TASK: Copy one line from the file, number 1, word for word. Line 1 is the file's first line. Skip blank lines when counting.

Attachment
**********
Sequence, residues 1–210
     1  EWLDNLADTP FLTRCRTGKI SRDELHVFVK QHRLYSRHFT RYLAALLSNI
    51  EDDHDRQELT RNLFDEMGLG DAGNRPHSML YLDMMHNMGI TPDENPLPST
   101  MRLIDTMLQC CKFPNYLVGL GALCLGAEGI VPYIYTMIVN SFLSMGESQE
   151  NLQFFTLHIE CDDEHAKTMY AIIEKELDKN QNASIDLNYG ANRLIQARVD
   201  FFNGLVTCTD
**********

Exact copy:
Sequence, residues 1–210